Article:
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Sovereign wealth funds influential: FSC chair

TAIPEI, Taiwan -- Sovereign wealth funds (SWFs) have generated huge discussions in the international markets and can be influential, said Sean Chen, chairman of the Financial Supervisory Commission (FSC), yesterday.

Chen made the statement while delivering a speech at an SWF forum held by the Taiwan Academy of Banking and Finance and the law school of National Chung Cheng University.

He said in October last year, the International Monetary Fund (IMF) announced recommendations on how SWFs may be operated. The Organization for Economic Cooperation and Development (OECD), meanwhile, has formulated rules on how SWFs may be invested in other countries. "As you can see, SWFs have generated much debate and discussions," he said.

He further pointed out back in April 2008, the U.S. reached a consensus with Singapore and Abu Dhabi on how their SWFs may be invested in the United States. This consensus served as a prelude for the IMF's action in October, Chen said.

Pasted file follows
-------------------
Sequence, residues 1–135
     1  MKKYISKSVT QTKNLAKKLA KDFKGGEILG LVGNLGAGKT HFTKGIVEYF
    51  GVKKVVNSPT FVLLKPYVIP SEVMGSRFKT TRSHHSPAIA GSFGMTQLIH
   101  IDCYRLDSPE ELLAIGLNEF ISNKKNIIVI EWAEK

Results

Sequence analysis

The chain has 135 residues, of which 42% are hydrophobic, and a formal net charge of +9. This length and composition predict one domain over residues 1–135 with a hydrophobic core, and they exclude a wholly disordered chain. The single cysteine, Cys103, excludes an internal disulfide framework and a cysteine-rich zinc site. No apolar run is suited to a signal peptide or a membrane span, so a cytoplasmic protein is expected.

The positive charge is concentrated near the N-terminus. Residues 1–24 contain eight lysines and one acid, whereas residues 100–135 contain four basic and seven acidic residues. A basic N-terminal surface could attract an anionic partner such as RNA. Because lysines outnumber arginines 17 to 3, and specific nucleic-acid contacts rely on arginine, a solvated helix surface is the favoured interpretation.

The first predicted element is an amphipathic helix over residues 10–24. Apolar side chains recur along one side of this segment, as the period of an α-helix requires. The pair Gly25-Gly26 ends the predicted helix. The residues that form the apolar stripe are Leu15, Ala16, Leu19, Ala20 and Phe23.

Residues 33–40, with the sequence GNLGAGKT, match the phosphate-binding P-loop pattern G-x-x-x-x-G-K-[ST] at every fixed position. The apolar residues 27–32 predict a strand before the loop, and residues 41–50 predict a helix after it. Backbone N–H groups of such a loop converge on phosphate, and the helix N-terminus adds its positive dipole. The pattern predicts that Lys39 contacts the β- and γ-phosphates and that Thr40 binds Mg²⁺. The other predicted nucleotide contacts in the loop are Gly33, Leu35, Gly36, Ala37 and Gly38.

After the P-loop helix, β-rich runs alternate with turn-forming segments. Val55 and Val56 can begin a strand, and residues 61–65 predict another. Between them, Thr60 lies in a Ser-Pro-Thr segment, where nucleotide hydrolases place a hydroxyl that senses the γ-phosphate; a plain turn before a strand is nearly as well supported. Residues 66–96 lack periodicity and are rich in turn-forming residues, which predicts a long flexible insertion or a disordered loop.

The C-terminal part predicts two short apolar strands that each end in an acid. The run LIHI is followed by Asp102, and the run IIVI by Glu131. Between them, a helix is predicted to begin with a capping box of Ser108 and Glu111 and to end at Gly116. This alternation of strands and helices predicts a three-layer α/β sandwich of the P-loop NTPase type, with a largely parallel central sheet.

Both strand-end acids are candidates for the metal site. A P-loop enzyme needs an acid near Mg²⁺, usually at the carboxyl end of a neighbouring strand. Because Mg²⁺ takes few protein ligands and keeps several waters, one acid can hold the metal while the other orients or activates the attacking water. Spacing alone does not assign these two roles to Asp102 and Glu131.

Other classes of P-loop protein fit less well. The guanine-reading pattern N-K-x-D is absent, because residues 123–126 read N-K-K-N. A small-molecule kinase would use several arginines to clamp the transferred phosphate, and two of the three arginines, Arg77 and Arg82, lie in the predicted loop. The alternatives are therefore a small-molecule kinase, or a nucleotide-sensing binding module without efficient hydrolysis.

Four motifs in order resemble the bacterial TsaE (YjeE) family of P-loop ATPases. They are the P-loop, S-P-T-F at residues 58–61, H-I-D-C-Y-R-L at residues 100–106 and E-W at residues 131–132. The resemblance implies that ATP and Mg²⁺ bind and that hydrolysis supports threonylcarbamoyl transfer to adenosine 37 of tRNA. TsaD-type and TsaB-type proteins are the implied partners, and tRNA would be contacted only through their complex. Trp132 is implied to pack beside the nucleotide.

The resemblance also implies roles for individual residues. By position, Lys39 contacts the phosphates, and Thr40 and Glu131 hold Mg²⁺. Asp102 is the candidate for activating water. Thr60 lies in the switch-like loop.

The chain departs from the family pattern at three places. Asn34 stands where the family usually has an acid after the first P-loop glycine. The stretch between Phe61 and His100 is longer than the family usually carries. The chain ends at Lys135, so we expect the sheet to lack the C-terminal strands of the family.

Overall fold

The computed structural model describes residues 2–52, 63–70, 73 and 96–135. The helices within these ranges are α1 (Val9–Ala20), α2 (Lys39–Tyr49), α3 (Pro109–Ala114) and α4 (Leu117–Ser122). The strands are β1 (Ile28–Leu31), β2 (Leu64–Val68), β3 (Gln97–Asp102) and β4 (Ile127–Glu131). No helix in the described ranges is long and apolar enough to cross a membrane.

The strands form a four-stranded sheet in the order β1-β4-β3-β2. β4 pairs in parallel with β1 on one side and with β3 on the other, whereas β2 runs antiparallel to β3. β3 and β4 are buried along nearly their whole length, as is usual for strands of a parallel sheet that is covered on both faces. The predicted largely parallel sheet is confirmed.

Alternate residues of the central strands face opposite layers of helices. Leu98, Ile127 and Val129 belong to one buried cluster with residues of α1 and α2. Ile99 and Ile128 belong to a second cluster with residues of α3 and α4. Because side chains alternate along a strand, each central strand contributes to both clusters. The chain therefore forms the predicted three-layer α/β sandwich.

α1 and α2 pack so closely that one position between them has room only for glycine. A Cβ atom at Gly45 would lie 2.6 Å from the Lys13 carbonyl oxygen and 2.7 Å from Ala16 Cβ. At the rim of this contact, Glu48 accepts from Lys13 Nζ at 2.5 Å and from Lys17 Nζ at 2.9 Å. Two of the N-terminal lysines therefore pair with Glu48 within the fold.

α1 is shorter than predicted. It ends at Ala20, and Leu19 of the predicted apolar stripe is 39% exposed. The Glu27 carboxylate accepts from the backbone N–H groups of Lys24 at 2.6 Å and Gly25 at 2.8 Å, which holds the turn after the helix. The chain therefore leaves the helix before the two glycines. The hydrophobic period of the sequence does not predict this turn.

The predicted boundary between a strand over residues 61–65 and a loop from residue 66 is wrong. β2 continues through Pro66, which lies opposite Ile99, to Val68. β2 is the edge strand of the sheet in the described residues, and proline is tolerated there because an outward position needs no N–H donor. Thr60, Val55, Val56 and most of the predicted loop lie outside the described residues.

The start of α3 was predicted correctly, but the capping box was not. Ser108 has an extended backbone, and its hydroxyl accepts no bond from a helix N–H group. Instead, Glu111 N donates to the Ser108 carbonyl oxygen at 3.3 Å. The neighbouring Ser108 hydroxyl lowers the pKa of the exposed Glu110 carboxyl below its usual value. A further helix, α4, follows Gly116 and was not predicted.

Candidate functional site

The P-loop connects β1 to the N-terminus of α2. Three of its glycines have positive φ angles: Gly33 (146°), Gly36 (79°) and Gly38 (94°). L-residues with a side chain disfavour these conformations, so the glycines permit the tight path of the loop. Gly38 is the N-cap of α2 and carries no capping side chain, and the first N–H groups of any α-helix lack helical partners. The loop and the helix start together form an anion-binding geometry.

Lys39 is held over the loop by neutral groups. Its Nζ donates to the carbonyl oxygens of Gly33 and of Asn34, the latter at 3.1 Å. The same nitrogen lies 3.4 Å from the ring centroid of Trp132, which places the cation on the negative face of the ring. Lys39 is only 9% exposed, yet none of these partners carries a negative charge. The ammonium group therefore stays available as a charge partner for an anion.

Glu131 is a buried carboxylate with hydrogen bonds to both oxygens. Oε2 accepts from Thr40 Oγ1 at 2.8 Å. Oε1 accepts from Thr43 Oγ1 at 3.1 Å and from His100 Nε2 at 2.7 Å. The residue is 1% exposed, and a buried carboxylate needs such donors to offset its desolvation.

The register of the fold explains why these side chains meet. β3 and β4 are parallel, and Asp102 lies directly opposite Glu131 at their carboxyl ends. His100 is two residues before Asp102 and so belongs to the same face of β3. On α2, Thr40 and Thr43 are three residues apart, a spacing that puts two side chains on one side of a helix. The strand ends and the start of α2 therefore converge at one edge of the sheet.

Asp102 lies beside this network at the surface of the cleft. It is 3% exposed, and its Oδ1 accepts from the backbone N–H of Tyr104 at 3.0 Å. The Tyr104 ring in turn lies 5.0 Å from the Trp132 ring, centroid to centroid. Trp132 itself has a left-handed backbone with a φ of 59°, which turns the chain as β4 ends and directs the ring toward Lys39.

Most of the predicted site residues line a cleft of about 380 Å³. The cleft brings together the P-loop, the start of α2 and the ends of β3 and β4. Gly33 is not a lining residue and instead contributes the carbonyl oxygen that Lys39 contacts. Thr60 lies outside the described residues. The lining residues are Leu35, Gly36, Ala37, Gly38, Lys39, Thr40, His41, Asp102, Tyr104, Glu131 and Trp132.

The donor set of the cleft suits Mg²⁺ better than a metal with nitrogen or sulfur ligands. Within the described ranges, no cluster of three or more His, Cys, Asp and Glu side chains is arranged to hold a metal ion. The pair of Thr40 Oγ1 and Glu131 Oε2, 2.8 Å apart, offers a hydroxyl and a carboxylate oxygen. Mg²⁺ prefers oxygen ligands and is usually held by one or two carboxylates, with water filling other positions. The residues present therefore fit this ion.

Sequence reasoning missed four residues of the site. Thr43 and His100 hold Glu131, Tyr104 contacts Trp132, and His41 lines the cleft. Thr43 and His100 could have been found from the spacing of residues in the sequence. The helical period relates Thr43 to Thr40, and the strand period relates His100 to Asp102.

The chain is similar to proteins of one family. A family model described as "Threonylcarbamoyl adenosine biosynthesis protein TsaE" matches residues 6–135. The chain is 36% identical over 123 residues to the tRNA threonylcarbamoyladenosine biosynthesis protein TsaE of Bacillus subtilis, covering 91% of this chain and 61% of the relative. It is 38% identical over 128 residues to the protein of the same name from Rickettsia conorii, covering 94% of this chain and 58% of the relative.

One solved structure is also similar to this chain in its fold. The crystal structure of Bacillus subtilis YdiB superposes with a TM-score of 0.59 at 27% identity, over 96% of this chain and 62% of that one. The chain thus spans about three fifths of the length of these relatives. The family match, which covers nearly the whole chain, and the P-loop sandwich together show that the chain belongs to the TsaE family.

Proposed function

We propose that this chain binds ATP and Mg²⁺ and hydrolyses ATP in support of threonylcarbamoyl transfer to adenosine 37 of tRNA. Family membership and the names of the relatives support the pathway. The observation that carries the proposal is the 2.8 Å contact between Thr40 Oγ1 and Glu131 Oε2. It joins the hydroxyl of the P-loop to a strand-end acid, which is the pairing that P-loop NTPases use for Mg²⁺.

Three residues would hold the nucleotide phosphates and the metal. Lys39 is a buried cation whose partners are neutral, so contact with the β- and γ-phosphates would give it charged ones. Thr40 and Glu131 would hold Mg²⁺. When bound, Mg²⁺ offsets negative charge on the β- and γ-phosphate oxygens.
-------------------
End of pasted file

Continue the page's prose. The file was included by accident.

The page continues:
"SWFs have experienced exponential growth in the market. They exert great influence," he said.

According to European Union statistics, by the end of 2008 SWFs across the world totalled US$1.5 trillion to US$2.5 trillion, and the figure is expected to inflate to US$12 trillion by 2015.

A sovereign wealth fund is a state-owned fund composed of financial assets such as stocks, bonds, property or other financial instruments.

SWFs are entities that manage state savings for the purpose of investment. The accumulated funds may be part of holdings such as foreign currency deposits, gold, SDRs and IMF reserve position held by central banks and monetary authorities, along with other national assets such as pension investments, oil funds, or other industrial and financial holdings. These are assets of sovereign nations and are typically held in domestic and different reserve currencies such as the dollar, euro and yen.

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